Interaction 19
4-10 February 2019
Seattle, WA
United States

Designing for deaf people, for everyone actually

talk – 35 min | Feb 6 – 15:25

Websites are a very visual medium. You therefore might think that they will work for people who are Deaf. But is that true? Marie tells a personal and entertaining story about things you’ve never realised. About four-dimensional language, the pros and cons of video captions, the recognition of exclusion and, of course, the importance of inclusivity.

If you think about improving usability and accessibility of your website, there’s some points of interests that are already well known. For example, use enough contrast to make text readable.

When using colours in your designs, consider people who are color blind. Do not write complicated text, and so on.

But there are so many more things you can do. In order to find out what these things are, you really need to listen to people who are dealing with a particular ‘disability’ or situation. People will tell or show you things that you never considered before.

For example, for many people, Dutch, or any another written and spoken language in their country is their second language. Immigrants, expats, people with different cultural backgrounds and Deaf people. You might think “But Deaf people are born here, they grew up here, so they should have Dutch as their native language?”. No, it’s not like this. Deaf people ‘speak’ a different language as their mother ‘tongue’; Dutch Sign Language. And it is not the same as written Dutch.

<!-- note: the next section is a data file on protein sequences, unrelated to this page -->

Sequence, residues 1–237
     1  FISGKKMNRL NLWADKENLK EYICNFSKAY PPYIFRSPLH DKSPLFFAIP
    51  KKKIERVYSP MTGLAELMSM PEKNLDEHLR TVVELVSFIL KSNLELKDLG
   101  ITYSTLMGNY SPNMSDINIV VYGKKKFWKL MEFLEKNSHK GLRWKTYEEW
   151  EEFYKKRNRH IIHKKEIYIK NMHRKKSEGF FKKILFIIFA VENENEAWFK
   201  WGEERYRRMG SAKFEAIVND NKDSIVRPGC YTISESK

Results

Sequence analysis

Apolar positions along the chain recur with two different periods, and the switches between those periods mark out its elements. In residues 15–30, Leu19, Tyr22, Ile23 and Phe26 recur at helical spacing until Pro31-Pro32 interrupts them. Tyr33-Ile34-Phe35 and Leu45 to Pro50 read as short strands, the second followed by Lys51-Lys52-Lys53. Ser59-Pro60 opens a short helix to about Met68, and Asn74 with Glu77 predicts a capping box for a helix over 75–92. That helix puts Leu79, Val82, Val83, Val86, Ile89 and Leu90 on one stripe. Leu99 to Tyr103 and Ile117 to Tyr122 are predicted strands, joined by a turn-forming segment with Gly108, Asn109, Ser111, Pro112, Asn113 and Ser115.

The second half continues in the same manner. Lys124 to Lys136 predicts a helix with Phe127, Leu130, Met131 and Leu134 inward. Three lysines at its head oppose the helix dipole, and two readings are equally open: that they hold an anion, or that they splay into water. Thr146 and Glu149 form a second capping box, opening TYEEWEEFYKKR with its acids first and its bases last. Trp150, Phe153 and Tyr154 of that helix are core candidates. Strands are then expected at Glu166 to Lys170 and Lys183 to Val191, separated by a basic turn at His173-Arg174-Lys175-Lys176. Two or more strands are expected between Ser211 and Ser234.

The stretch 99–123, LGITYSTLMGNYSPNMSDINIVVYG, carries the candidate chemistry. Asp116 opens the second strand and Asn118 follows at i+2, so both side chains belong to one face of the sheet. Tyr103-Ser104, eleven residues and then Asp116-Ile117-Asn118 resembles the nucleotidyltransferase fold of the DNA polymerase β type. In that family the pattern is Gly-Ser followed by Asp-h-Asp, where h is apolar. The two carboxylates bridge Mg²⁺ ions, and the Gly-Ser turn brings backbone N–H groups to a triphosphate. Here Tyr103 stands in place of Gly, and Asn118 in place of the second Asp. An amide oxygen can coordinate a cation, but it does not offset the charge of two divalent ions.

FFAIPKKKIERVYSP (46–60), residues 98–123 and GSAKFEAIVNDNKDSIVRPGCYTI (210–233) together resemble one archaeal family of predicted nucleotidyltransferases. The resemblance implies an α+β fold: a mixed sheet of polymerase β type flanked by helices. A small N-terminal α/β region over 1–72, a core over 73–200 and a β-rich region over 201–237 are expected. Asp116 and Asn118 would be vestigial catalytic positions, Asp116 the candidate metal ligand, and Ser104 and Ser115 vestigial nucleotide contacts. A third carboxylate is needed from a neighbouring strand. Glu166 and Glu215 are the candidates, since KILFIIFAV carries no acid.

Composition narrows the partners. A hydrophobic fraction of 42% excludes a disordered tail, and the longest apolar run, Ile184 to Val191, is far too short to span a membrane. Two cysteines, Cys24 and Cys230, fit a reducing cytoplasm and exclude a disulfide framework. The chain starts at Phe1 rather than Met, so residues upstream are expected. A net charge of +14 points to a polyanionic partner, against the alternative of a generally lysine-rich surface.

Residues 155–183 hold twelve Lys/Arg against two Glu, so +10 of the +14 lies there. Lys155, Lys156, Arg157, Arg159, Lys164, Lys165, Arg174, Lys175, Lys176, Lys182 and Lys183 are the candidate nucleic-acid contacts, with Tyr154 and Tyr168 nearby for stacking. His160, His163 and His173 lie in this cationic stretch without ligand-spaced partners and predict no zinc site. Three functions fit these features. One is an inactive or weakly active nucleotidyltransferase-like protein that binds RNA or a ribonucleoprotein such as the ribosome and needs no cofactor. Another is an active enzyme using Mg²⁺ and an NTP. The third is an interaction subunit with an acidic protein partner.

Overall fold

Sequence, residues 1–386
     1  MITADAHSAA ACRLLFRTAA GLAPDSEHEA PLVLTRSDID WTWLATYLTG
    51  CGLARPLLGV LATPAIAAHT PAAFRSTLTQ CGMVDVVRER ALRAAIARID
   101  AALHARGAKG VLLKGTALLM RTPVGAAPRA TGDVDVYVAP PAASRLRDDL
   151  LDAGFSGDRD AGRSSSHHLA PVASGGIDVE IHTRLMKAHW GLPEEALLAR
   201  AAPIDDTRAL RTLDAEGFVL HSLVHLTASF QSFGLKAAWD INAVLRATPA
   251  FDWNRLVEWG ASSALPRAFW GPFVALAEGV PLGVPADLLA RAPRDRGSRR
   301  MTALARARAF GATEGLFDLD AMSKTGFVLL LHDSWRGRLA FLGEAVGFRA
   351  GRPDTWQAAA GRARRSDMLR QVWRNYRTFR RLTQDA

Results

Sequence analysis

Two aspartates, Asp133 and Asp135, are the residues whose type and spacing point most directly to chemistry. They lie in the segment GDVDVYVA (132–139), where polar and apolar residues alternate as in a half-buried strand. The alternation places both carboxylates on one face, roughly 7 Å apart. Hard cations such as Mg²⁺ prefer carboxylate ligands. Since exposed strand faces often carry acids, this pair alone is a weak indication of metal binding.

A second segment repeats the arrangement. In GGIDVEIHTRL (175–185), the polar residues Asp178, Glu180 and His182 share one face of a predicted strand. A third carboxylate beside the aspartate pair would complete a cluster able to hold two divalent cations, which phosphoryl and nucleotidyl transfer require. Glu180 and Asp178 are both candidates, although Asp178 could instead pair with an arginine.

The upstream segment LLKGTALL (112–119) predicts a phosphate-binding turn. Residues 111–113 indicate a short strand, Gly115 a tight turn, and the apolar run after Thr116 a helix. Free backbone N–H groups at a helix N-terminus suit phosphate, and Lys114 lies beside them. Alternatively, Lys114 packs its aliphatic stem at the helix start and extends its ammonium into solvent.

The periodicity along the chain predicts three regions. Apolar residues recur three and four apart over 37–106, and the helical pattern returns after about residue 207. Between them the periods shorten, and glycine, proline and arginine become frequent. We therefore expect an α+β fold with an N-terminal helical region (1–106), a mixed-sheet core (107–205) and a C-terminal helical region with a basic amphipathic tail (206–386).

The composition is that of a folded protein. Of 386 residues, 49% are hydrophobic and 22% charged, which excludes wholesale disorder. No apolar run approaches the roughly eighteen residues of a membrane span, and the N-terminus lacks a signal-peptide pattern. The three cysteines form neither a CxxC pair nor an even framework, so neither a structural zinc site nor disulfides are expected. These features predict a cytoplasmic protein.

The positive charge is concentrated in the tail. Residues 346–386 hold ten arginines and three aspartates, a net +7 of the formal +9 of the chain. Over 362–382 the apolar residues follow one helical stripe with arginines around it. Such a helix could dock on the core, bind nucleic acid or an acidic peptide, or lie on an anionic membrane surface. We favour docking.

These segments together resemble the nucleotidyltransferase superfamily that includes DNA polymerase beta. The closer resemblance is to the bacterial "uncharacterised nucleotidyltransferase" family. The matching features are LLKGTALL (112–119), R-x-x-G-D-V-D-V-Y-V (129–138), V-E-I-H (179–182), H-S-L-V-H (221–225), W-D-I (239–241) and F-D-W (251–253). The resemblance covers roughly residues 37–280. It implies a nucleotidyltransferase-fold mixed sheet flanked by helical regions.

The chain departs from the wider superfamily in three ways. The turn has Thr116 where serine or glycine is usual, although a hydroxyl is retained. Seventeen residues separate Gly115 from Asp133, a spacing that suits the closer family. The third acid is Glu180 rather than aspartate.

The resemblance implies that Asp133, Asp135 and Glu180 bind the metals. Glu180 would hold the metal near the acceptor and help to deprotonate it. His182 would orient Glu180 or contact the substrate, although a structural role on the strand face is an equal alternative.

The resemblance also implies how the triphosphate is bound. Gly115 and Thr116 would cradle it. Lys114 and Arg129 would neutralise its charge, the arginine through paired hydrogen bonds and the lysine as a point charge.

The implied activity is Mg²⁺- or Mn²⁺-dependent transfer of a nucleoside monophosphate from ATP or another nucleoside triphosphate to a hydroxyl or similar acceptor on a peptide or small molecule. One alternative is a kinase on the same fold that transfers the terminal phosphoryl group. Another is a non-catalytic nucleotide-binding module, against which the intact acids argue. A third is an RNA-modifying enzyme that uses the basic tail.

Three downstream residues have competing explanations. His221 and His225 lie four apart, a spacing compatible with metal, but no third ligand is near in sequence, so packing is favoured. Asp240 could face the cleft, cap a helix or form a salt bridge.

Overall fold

Sign language is not a visual representation of written language. Sign language is a visual-spatial language, without a natural written form. Grammar and syntax are very different from spoken and written language, and are highly dependent on facial expression and body language. They are essential, for example in providing emphasis. Because for most Deaf people written language is their second language, they have trouble with a number of things. For example, they have more trouble with proverbs, and reading comprehension is tricky. They’re not familiar with specific words. Because Deaf people ‘speak’ sign language, it’s difficult for them to understand the meaning of expressions.

If you want to reach a large or a specific group, you have to involve people from that group in the design process. Listen to the people who are the real experts, to those who are in a particular situation and run into their particular problems daily. They are the real experts.

In my presentation I will sign about how sign language is an intrinsically different way of communicating and how to make your website accessible for Deaf people, but actually for everyone.

About the speaker

Marie Van Driessche

Marie Van Driessche

I’m Marie van Driessche from Amsterdam. I did a BA Graphic Design at the Royal Academy of Art in The Hague and a Master Graphic Moving Image at the University of Arts, London. Afterwards, I moved to France to work as a designer and to develop accessibility solutions through broadcasting messages in French Sign Language by virtual characters. Now I work at in the Netherlands, where I design and develop websites for different companies, but mostly for government organisations. And I’m Deaf.


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